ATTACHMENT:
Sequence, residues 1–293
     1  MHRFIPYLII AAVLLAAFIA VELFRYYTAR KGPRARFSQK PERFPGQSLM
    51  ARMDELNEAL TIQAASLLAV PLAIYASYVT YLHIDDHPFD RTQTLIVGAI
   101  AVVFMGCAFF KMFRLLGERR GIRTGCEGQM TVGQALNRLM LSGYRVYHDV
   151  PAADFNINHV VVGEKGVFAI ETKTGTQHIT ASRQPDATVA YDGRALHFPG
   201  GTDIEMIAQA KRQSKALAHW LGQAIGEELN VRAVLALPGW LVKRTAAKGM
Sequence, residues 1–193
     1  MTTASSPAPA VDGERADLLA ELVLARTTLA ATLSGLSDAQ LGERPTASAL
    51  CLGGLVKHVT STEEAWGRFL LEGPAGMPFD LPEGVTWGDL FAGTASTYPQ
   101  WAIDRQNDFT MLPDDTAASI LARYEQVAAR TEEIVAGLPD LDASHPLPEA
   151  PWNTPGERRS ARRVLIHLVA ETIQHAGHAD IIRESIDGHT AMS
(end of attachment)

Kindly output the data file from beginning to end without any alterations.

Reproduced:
Sequence, residues 1–293
     1  MHRFIPYLII AAVLLAAFIA VELFRYYTAR KGPRARFSQK PERFPGQSLM
    51  ARMDELNEAL TIQAASLLAV PLAIYASYVT YLHIDDHPFD RTQTLIVGAI
   101  AVVFMGCAFF KMFRLLGERR GIRTGCEGQM TVGQALNRLM LSGYRVYHDV
   151  PAADFNINHV VVGEKGVFAI ETKTGTQHIT ASRQPDATVA YDGRALHFPG
   201  GTDIEMIAQA KRQSKALAHW LGQAIGEELN VRAVLALPGW LVKRTAAKGM
Sequence, residues 1–193
     1  MTTASSPAPA VDGERADLLA ELVLARTTLA ATLSGLSDAQ LGERPTASAL
    51  CLGGLVKHVT STEEAWGRFL LEGPAGMPFD LPEGVTWGDL FAGTASTYPQ
   101  WAIDRQNDFT MLPDDTAASI LARYEQVAAR TEEIVAGLPD LDASHPLPEA
   151  PWNTPGERRS ARRVLIHLVA ETIQHAGHAD IIRESIDGHT AMS